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Steven Furtick Talks Marriage, Teenage Sexual Conflicts, Making Most of Singleness

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By Jessica Martinez , CP Reporter
August 27, 2014|2:18 pm
Furtick (Photo: Elevation Church video screen grab)

Pastor Steven Furtick

People like the idea of marriage without realizing that it is not about what a person can take from it but rather what they can give, says Steven Furtick, lead pastor of Elevation Church.

Furtick's message was the first sermon in his series "Meant to Be" that kicked off on Sunday. Taking from the biblical verses found in 1 Corinthians 7, which speak about sexual relations within marriage, he focused on the issues that most people seem to ignore.

"A lot of you are in love with the picture of marriage. If you're going to get married, you better be ready to go to work and do a job then come home and do another job because it takes work … Paul says (in 1 Corinthians 7), come into marriage not for what you can get emotionally or sexually but what you can give," said Furtick.

While most of his message was mostly an honest conversation about the Bible's view on sex, marriage and single life, he also spoke openly about other elements of sexuality that the church does not address frequently. He noted that among the topics that are usually not addressed are those involving teenagers and married couples at his own church whom face sexual and relational conflict.

He also clarified that the church in general is not against sex but most Christians struggle with defining what their sexual standards and boundaries should be.

"Historically, the church has been about answering questions that no one is asking while being silent about the struggles that everyone is facing … we have middle schoolers having oral sex on the back of a school bus and no one is standing up to talk about real issues …," said Furtick.

Furtick added, "I'm supposed to just stand here and pontificate about crap that no one is really thinking about making it sound spiritual while our marriages are no different than the world's?"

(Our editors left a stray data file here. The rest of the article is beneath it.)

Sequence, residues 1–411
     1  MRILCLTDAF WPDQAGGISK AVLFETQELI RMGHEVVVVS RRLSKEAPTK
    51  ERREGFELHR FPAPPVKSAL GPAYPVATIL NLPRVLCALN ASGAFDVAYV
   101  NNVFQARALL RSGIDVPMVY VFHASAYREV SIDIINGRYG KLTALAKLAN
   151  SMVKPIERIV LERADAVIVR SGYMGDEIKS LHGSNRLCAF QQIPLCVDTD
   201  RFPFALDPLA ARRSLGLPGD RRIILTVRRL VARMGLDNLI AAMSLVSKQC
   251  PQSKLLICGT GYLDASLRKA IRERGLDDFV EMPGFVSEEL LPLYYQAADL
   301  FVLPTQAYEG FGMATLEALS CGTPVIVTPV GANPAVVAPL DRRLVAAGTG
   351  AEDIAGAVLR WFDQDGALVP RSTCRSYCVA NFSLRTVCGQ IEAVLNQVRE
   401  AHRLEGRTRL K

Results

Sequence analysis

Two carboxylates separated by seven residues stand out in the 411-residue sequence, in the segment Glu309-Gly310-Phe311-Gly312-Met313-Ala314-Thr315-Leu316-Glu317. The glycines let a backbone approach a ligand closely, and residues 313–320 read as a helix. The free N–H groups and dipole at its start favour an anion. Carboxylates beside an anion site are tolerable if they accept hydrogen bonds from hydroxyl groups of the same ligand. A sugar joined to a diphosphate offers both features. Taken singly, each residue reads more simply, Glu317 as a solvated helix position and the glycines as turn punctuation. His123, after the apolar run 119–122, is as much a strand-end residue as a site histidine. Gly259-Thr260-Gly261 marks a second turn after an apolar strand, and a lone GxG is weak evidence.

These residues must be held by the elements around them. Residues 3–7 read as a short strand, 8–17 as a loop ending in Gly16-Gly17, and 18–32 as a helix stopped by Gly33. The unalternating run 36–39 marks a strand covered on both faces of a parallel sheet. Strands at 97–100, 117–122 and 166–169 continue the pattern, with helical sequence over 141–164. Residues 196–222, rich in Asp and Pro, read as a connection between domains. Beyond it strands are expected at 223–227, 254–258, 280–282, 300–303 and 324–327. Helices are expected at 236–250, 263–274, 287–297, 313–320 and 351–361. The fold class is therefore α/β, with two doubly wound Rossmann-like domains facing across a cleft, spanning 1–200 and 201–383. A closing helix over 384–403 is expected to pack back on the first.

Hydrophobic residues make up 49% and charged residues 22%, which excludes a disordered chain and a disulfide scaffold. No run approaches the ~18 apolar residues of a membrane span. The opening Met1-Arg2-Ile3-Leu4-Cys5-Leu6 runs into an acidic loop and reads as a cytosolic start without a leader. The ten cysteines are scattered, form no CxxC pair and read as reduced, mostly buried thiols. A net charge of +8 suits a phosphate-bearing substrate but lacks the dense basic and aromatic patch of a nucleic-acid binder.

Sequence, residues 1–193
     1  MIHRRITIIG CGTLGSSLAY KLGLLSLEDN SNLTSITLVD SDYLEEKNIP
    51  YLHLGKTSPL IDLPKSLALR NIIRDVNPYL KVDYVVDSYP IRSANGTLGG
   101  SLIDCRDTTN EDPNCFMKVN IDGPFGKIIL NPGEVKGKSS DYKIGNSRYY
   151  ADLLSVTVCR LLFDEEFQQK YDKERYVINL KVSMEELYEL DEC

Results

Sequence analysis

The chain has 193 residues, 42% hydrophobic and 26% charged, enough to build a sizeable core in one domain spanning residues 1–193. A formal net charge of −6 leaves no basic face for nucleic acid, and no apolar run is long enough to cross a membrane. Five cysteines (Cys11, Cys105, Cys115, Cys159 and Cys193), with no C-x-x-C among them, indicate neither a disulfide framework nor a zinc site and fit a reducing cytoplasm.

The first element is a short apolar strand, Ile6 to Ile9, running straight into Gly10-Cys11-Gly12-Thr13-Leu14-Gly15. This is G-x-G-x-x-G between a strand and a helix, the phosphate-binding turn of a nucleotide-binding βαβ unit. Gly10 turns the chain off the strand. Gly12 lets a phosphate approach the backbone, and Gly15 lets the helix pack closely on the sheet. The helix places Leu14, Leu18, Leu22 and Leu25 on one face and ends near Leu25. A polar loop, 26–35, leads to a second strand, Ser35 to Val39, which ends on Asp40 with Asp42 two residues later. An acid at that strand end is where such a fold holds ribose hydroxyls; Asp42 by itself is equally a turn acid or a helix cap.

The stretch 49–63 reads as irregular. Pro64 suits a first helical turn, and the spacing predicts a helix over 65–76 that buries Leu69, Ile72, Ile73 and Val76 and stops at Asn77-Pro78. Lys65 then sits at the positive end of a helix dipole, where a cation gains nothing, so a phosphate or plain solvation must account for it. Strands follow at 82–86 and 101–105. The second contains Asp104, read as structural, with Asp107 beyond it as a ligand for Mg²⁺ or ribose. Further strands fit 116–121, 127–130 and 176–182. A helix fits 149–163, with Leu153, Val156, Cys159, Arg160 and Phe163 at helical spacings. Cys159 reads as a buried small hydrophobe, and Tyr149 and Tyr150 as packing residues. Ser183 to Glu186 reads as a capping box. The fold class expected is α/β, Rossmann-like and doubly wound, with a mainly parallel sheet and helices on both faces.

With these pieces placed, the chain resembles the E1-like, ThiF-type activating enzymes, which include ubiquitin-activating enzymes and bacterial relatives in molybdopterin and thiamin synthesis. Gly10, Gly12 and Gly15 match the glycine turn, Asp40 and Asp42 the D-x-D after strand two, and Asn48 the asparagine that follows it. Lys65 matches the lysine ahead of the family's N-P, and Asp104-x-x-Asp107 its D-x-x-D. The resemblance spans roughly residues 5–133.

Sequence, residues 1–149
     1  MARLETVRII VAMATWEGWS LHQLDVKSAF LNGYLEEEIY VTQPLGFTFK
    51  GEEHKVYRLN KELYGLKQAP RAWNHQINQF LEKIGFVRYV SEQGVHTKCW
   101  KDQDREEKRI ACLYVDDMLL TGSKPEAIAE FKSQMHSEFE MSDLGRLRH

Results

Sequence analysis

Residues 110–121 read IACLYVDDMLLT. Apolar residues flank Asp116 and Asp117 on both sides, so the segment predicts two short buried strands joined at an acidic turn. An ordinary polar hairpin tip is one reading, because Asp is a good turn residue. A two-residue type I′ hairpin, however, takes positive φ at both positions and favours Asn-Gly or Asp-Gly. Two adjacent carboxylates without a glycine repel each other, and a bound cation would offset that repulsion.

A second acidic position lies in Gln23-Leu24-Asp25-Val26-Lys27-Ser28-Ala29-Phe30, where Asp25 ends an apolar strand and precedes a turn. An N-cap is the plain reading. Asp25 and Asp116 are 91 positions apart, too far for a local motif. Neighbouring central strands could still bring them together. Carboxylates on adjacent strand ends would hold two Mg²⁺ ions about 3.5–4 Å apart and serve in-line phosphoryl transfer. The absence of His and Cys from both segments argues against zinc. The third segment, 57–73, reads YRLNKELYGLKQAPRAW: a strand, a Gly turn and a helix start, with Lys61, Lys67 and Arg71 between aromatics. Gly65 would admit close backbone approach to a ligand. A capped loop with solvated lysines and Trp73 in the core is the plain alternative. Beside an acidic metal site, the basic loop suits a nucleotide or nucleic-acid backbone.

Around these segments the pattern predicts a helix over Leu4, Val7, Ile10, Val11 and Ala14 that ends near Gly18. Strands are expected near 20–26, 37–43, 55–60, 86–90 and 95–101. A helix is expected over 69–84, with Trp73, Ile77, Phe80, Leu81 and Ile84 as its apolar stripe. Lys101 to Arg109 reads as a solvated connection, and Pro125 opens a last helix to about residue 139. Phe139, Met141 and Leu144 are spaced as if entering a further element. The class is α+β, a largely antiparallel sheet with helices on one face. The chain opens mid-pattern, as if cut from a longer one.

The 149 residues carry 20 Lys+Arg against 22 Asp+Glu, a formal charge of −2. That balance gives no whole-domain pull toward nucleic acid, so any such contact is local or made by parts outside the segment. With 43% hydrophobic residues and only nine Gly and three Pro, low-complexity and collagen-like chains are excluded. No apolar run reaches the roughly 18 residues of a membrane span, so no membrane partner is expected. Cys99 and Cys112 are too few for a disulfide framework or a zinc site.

Furtick said that rather than making his five-week long series all about marriage, he was also going to make it a point to discuss singleness because "one of the things I refuse to do in this series is make single people feel second class," he explained.

One of his main points was that an unmarried person does not necessarily live an incomplete and lonely life because unlike married individuals, they can explore several opportunities in their lives. He also spoke on celibacy and how it is a biblical mandate.

 "You're not a zombie or a freak walking around because you're single. Hey virgins, you're not weird! I was a virgin when I married my wife and I'm proud of it. It's good to do it God's way. You don't need someone on your arm to make you good," said Furtick.

He also spoke on the importance of singles embracing their life in Christ and taking care of their negative issues before engaging in a relationship as he noted that bringing problems into marriage can tear couples apart.

"Before you find the right one and mess up the right one – because you're not yet the right one because of undealt issues – before you reach out and put the weight of your life and expectation of your happiness on another person, perhaps God wants to teach you some sufficiency for yourself in Christ so when you meet somebody, you won't project all your dysfunction on them," said Furtick.

To watch the full sermon, visit Elevation Church.

 

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